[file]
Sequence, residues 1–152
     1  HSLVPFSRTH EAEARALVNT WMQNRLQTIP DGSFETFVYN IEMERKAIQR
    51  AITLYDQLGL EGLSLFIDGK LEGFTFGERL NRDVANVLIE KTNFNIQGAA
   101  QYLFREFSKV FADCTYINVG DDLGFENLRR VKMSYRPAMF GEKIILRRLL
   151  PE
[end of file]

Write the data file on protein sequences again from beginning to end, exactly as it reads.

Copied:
Sequence, residues 1–152
     1  HSLVPFSRTH EAEARALVNT WMQNRLQTIP DGSFETFVYN IEMERKAIQR
    51  AITLYDQLGL EGLSLFIDGK LEGFTFGERL NRDVANVLIE KTNFNIQGAA
   101  QYLFREFSKV FADCTYINVG DDLGFENLRR VKMSYRPAMF GEKIILRRLL
   151  PE